My opinion is requested on certain matters submitted by the Commission of Indian Affairs relating to the department's finding of heirs on October 8, 1927, to the estate of Noah Bredell, a deceased Nez Perce Indian, Fort Lapwai Agency, Idaho. The estate consisted partly of property held in trust by the United States and partly of unrestricted property over which the department has no jurisdiction. The finding of heirs by the department extended only to the property held in trust. An administrator was appointed in Idaho for the unrestricted part of the estate and as to the distribution of this part the department, of course, is not concerned. This is equally true of all property belonging to Indian estates over which the department has no jurisdiction, whether the question of marriage and divorce, as in this case, is involved or not. Under the department's finding of heirs to the estate of Noah Bredell one Lillie Viles, to whom he was married by ceremony, was excluded on the ground that she separated from him under such circumstances as constituted a valid Indian custom divorce. The specific questions submitted for opinion are: (1) Whether the 1927 decision should stand or be reversed and (2) the broad general policy as to what constitutes Indian custom marriage and divorce. Although the department heretofore has frequently had occasion to consider and pass upon similar questions, in view of somewhat prevalent misconceptions it is deemed advisable to review the situation at considerable length. It may be said here that in view of repeated statements and references that have been made concerning the marital history of Noah Bredell, his having been a member of the church and his seeming inclination to follow the white man's ways, the question is not whether he divorced himself from Lillie Viles, but whether her actions and demeanor amounted to a divorce from him according to the Indian custom; and furthermore as to whether such a divorce may be recognized in view of the fact that the parties went through the form of a ceremonial marriage.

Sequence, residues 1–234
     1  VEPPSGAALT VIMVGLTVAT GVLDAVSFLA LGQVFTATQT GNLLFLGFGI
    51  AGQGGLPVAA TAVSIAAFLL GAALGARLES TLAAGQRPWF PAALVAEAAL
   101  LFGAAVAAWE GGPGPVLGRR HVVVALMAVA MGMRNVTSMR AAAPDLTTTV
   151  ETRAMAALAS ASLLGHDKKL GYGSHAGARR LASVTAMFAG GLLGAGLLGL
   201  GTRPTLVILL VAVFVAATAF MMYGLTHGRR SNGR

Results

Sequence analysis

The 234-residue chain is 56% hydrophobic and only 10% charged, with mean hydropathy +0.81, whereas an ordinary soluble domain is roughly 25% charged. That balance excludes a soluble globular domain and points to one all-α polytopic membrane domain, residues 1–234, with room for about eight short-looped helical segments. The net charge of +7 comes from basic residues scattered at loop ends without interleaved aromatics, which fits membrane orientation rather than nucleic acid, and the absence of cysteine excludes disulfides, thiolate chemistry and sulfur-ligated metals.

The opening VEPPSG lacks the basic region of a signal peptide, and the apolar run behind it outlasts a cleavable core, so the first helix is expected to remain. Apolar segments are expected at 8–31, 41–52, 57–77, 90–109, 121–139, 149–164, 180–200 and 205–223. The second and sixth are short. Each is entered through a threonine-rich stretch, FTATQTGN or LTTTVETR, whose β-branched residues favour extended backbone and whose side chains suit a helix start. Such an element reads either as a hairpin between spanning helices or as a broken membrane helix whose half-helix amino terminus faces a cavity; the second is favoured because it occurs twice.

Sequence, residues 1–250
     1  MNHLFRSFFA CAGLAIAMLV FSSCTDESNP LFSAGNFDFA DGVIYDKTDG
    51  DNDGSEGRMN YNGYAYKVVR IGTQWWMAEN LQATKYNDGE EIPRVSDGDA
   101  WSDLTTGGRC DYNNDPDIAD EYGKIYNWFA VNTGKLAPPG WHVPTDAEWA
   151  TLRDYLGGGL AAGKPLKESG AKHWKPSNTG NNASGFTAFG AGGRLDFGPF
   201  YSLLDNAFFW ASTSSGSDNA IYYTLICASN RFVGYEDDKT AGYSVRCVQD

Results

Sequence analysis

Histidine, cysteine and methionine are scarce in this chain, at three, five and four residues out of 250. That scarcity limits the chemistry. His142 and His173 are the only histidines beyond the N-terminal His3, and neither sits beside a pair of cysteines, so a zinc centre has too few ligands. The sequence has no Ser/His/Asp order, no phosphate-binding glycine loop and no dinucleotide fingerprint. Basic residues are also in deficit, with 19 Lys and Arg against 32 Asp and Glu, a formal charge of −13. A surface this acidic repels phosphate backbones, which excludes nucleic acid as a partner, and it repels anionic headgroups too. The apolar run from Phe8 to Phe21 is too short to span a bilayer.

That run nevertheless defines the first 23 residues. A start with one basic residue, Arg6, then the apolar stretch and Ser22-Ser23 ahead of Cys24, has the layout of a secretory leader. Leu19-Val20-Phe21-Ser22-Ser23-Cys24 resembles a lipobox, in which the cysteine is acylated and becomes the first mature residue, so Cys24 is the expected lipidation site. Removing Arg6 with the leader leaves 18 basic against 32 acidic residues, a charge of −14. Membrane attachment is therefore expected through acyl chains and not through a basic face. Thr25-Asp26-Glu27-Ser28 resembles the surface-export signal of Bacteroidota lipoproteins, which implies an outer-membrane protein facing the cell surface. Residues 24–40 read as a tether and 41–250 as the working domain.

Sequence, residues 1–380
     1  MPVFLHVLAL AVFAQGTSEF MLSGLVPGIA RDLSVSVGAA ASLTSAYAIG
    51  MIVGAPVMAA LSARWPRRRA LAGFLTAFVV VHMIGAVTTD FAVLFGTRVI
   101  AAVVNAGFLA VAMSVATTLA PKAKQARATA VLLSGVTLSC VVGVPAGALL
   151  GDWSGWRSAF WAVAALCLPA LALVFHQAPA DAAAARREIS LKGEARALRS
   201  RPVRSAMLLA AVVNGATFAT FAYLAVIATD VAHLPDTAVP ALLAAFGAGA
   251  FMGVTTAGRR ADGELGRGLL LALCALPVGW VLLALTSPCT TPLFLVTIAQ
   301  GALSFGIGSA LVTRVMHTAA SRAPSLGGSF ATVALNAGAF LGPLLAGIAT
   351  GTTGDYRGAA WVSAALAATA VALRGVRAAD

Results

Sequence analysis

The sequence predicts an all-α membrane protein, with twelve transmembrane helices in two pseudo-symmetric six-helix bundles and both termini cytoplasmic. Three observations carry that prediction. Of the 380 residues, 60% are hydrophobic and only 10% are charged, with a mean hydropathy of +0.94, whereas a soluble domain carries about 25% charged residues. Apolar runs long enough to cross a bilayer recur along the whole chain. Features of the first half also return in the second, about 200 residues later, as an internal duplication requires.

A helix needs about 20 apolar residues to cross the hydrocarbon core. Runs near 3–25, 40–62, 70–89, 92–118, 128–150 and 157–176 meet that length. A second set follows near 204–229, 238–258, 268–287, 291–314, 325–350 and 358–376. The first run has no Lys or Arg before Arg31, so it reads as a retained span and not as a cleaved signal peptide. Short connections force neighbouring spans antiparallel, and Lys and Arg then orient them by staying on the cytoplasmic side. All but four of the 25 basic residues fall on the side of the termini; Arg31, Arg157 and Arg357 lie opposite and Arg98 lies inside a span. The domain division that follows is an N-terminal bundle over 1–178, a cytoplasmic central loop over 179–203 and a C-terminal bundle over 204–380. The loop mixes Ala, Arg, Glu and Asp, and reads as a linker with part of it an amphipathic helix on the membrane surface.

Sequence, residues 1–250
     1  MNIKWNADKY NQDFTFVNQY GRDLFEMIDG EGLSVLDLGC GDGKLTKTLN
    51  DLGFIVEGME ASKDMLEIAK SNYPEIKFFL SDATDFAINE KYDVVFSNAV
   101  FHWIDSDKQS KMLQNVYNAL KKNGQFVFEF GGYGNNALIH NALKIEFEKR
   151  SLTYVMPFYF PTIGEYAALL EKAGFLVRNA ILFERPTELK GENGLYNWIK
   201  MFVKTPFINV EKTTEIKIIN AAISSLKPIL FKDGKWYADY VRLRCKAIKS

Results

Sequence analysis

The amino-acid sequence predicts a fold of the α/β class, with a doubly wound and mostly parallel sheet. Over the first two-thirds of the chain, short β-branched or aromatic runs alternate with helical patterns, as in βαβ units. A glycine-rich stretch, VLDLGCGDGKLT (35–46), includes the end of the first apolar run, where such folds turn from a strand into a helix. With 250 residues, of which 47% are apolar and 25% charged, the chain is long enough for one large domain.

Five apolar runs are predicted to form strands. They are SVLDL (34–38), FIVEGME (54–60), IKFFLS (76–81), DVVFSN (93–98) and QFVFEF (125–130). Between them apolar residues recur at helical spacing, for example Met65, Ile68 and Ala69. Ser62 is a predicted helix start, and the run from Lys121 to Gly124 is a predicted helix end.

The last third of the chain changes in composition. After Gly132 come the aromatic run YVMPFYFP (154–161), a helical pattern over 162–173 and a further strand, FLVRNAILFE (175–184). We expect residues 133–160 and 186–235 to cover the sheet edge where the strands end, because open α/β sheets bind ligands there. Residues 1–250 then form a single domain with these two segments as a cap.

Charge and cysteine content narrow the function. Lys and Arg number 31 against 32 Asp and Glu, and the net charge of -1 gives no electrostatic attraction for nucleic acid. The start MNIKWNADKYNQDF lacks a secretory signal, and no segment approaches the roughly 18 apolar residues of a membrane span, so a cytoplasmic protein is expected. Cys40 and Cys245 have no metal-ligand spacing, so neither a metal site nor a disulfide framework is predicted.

The department determined the heirs to the estate of Noah Bredell October 8, 1927. Similar contentions were made at the original hearing for such determination as are now being made for a reopening of the case. No new evidence of a material nature has been added to the record made up at that time. On the question as to whether the separation of the parties may be regarded as a divorce in accordance with Indian custom the pertinent facts re as follows: Noah Bredell and Lillie Viles were married August 18, 1925. She left him the next day and never returned to him. He died on or about August 13, 1926, one year after the marriage and separation. He was about 70 years of age and Lillie Viles was 29. She testified - -